Thursday, June 16, 2005
It's a stable workforce we want, yes?
At a meeting of the Western Governor’s Association, Joel Kotkin, an expert on social movements and cities, wafted through the mental fog that contends cities/states should be courting, with taxpayer dollars, the 20somethings…
Breckenridge - The economic health of the West depends on maintaining a mature, well-trained middle-class workforce and not on luring the "hip, cool 25-year-olds" or catering to the mind centers of the universities, the Western Governors' Association was told Sunday.
Kicking off the annual conference of governors from 18 states and three U.S.-flagged Pacific islands, social-trend spotter Joel Kotkin of California noted that cities have focused on attracting the rich or taking care of the poor at the expense of nurturing the middle class, a group that is critical for economic vitality and stability.
"Those hip, cool 25-year-olds are the most mobile part of the population," said Kotkin, author of "The City: A Global History" and an authority on global, economic, political and social trends. "What you really need to do is ... figure out how to attract and maintain a middle class." …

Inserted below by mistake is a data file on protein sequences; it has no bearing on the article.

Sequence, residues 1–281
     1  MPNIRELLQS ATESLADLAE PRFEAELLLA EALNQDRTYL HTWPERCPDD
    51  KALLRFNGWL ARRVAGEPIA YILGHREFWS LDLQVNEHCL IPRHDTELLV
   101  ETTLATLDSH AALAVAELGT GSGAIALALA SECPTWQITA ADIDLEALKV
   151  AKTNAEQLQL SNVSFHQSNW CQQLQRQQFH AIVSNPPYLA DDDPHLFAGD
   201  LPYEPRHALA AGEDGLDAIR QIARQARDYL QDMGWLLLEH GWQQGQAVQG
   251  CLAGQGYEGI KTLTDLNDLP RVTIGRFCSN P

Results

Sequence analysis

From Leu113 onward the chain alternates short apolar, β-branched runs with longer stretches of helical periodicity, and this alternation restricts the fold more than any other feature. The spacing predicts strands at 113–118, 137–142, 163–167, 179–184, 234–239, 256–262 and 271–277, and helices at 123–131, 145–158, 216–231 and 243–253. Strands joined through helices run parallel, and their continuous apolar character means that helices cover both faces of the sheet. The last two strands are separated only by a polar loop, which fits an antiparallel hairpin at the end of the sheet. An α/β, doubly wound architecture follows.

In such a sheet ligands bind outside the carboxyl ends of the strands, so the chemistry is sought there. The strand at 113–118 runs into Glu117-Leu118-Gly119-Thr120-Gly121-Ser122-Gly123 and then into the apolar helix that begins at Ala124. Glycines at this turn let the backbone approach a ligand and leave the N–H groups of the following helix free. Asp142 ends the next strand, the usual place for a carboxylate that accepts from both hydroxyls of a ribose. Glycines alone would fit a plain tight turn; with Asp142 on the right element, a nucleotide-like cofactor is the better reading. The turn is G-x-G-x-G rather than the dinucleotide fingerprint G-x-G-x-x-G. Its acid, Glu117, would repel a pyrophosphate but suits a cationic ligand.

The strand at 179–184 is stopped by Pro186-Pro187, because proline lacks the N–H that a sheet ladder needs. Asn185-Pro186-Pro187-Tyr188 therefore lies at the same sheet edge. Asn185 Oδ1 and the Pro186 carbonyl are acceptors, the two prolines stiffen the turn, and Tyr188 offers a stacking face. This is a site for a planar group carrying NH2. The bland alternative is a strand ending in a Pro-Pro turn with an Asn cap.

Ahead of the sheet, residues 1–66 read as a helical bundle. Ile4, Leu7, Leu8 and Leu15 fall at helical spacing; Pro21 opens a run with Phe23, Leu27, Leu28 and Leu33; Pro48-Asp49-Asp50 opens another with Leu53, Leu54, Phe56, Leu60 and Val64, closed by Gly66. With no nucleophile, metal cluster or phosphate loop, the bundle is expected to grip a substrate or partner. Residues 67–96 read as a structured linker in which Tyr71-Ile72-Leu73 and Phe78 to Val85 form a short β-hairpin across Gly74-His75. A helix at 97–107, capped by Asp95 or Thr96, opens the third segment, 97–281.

Finally, a voice of reason that suggests; hey if we make our communities functional for families we end up with a stable workforce. What a concept.
Kotkin is making the rounds on the lecture circuit debating Richard Florida -- the father of the pro hip-youth mantra -- and having some success. His work is paying off as policy types are starting to view the issue of growth in more nuanced terms. Thank God. Really, there is nothing more exhausting than the policy types hanging on every whim of one cohort (granted there’s probably more than policy dialogue at work when we talk about fifty year old men, whims and 20somethings).
The real winner for developing a pro-growth policy: make
Besides, it’s always smart politics when more than one, educated and well versed point of view ends up in the mix.